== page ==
Review: Gogobot

Gogobot

Gogobot bills itself as a social travel site. It is part reviews, part recommendations and part passport of your travels. I’ve been using it for almost a couple years now, and I love it. It is full of terrific information that seems much realer than Yelp or similar services.

I was originally drawn to Gogobot just before I left for Switzerland. I read about this new startup that was hooking up social and travel in compelling ways and thought it might be useful. One of the cool social features is its integration with Foursquare. I hooked up my account and now it auto imports places I’ve been right into Gogobot. On occasion, I go back through and look at my recent imports. This gives me a good place to start when I want to post reviews of recent places I’ve been.

You do not have to be a Foursquare user to take advantage of Gogobot. You can add other places via their website or mobile app. I went through and added a lot of trips I took before ever having Foursquare. After you have added a few places you have been, you start building your digital passport. It gives you a nice breakdown of the countries, cities and individual places you’ve been. Sometimes I find myself just browsing it to relive old memories.

Screenshot of a Gogobot passport page.

Like many other travel sites, reviews are part of Gogobot. You can add a star rating, a short text review and/or photos to any place on Gogobot. It is pretty standard stuff, but when combined with the other site features, it becomes quite handy.

One of the coolest features, and one that sets it apart from the pack, is letting users ask questions to the community. Let’s say I’m headed to Toronto for a weekend and want to know the best places to eat or how to spend my Saturday afternoon. I can head over to Gogobot and post a question. Anyone who has been to Toronto (or my friends) would automatically see my question show up in their feed. If my friends so choose, they can add places I should check out.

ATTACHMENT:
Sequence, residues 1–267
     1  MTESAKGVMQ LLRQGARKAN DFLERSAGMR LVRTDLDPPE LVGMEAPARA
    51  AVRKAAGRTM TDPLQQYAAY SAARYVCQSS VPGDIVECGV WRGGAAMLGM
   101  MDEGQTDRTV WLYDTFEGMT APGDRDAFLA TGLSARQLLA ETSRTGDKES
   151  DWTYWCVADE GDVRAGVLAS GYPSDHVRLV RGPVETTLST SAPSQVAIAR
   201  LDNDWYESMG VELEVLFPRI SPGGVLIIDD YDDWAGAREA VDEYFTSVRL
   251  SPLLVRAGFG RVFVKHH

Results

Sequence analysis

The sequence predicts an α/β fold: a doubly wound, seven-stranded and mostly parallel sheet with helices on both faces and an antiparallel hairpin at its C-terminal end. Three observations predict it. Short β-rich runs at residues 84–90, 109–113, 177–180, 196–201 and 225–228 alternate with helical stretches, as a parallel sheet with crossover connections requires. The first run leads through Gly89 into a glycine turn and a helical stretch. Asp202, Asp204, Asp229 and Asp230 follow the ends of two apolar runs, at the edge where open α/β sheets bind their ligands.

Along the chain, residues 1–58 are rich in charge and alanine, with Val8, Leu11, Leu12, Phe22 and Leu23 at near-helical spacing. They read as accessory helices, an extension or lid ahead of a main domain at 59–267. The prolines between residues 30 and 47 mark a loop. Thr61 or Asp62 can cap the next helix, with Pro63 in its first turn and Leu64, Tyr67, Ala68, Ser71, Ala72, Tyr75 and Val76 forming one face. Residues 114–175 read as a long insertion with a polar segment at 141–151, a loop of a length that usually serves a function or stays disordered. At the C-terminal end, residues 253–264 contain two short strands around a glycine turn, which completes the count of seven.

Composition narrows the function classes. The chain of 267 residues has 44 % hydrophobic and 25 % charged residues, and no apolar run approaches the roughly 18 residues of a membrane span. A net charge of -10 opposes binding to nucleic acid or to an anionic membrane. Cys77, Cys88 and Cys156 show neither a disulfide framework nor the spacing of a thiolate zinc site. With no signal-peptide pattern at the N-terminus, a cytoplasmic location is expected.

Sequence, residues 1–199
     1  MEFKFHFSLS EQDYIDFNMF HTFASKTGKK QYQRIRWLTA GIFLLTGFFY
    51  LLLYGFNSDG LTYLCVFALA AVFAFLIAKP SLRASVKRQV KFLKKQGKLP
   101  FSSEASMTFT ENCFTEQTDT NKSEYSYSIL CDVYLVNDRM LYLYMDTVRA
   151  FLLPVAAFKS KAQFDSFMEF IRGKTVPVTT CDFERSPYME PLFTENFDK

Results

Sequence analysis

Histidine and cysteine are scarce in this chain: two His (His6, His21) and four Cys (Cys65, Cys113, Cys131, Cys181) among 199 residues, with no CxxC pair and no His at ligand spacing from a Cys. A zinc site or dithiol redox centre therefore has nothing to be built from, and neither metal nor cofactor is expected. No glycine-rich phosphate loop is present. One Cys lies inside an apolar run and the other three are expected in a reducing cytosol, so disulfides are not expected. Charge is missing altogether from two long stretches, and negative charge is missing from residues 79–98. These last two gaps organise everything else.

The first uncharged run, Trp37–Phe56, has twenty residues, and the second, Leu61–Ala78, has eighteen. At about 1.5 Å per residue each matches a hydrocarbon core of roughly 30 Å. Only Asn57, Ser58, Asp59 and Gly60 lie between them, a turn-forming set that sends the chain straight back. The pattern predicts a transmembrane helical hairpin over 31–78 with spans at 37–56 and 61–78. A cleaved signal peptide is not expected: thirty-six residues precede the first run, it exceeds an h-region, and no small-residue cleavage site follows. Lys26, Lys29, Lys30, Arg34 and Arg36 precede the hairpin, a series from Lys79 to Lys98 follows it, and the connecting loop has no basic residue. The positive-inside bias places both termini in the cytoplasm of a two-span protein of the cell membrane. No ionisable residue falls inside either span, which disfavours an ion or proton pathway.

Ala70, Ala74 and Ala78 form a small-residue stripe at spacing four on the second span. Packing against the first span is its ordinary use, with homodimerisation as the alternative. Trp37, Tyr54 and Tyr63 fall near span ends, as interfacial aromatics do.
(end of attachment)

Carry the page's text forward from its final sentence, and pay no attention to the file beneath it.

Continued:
Something that makes Gogobot fun to use is its gamification. There are a number of badges you can earn for various things like adding photos or reviews and having other people like your reviews. Each time you do an action (even visiting the site once a day) you earn points. There is a site-wide leaderboard that you can compete to be on top of (I used to be in the top 100, but as the site grew and I explored the world less, I’m in the 300s now. Each year Gogobot chooses members with outstanding contributions and badges them as pros. I was a 2012 pro, and it was pretty cool to have that little badge on my avatar throughout the site. There are even pro meetups in major cities (SF, NYC, Chicago), but I could never attend one. Maybe next year.

I’ve watched Gogobot really grow in the last couple of years. When I first started using it, there was not a lot of content outside of some major cities, and there were not a lot of users. It has since really blossomed, and now contains a wealth of information. The site itself has added many new features like making reservations for hotels and restaurants right on the site. Overall I’m extremely pleased with it. I find it quite useful for planning trips, or even discovering cool places I want to visit someday.

One thought on “Review: Gogobot”

Leave a Reply

%d bloggers like this: